Employee engagement is key to any company's sustainability success story. The majority of GM's 220,000 employees around the world support their global manufacturing operations. That's 171 plants from
working to continually reduce their carbon footprint and connect with their communities.
Just imagine the impact if every one of them worked with a sustainability mindset no matter their title or department.
Although there's always more work to be done and more people to convert, they're making progress in building a culture of sustainability. Here are some of the tips they've learned along the way.
What's the plan?
Integrate environmental performance and sustainability into your business plan. Make it part of your company's business metrics.
Every plant has a scorecard where these business metrics such as quality, safety and environmental performance are measured and reported. To help them meet the targets, each work group on a plant floor has their own piece of the pie. For example, they may be working to increase recycling within their station, so they meet regularly to discuss status and implement activities such as moving recycling bins closer to better accommodate scrap needs.
They've reinforced the importance of sustainability by linking environmental performance and compensation, from top manufacturing executives to even a group of salaried employees in their manufacturing area.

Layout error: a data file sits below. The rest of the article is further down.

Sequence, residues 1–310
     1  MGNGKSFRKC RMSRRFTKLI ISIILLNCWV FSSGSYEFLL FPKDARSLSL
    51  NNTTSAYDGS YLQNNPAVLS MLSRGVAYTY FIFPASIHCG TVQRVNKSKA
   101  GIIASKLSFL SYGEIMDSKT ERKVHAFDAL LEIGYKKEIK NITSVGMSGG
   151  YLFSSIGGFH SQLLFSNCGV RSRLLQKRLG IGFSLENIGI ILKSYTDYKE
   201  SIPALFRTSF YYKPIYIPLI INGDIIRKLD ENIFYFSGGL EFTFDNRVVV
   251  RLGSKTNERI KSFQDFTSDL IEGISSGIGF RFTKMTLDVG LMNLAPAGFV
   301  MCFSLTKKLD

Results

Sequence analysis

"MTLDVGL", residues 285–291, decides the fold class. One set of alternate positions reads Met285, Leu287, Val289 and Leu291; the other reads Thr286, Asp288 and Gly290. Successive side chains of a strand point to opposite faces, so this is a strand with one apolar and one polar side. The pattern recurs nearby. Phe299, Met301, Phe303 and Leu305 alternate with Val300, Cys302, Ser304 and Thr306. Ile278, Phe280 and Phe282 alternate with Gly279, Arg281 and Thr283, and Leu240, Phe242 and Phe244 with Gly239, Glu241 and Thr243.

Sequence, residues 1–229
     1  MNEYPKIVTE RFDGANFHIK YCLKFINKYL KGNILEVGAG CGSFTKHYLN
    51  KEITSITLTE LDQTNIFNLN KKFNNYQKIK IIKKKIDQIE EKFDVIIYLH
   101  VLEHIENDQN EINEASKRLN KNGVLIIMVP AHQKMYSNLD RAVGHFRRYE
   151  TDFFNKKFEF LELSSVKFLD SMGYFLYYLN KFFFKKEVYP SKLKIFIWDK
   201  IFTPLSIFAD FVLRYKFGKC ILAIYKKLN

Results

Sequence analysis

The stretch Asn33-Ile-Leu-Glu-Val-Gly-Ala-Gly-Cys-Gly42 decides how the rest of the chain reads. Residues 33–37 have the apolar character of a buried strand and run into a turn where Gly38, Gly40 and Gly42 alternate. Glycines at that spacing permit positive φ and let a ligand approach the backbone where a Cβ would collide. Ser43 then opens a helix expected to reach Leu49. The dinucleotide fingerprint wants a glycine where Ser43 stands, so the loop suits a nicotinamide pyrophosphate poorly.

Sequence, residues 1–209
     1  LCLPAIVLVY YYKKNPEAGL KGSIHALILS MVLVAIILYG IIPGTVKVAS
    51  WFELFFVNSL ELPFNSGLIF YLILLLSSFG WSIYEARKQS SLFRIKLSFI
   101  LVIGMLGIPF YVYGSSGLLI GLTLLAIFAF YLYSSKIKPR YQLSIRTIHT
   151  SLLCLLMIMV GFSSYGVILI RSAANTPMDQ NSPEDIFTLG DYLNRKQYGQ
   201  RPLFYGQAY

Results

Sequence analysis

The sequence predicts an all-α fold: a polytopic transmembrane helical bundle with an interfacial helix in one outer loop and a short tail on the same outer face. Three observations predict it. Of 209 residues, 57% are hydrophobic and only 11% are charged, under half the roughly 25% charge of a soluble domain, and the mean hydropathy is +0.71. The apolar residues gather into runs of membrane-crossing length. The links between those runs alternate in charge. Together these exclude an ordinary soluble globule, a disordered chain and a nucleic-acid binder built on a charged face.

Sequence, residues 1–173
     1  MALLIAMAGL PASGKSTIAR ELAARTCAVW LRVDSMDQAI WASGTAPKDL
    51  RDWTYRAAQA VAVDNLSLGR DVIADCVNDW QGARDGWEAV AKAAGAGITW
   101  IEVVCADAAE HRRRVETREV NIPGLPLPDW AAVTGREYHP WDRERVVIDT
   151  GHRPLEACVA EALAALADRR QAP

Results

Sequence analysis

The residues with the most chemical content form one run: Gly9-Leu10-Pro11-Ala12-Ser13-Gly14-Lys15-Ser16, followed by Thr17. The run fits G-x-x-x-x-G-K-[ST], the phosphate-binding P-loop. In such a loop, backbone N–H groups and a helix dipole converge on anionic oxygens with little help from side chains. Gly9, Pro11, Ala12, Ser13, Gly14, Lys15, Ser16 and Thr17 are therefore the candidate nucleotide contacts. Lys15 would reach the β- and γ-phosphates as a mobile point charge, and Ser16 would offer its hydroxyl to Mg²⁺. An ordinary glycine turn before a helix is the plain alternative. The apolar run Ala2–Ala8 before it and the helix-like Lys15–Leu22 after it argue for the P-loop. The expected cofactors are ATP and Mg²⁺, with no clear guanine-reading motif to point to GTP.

Bring in the experts.
Their facilities have at least one professional focused on both efficiency and conservation. That person inputs his or her facility's energy, water, waste and carbon performance into a global database to ensure they're hitting goals and reaching companywide commitments. They are a subject matter expert to the plant team on all things environment.
Set up a system where people can share their successes so that a win in Joinville, Brazil becomes a win in Gliwice, Poland. They have a common and consistent global manufacturing system so that no matter where a facility is located around the world, they're able to easily communicate the win and ultimately implement the actions more broadly.
Dollars and sense.
They reward employees for their innovative energy, waste and water reduction ideas that they implement and give them a cut of the savings, up to $20,000. This gets everyone thinking about conservation even if it's not in their job title, and gives them a fresh perspective.
Don't underestimate the power of internal recognition. Whether it's a plant manager recognizing performance of individual plant teams or executive leadership recognizing a plant's achievement of, say, attaining landfill-free status, it generates pride that continues to fuel sustainability programs.
Spread the Word.
What good is the knowledge your team's gained if you keep it within your walls? Allow time for employees to volunteer in river cleanups, speak at a school, or host a recycling tour within your plant. One of their plants helped install new energy-efficient lighting in a nearby women's shelter, saving the nonprofit $9,000 a year on its monthly electricity bills. You know more than you think and you can help more than you know.
"Sustainability saves a company money, contributes to top-line growth and reduces risk at plants – benefits all realized thanks to the innovation and dedication of a committed workforce," said Jim DeLuca, executive vice president of Global Manufacturing at GM.
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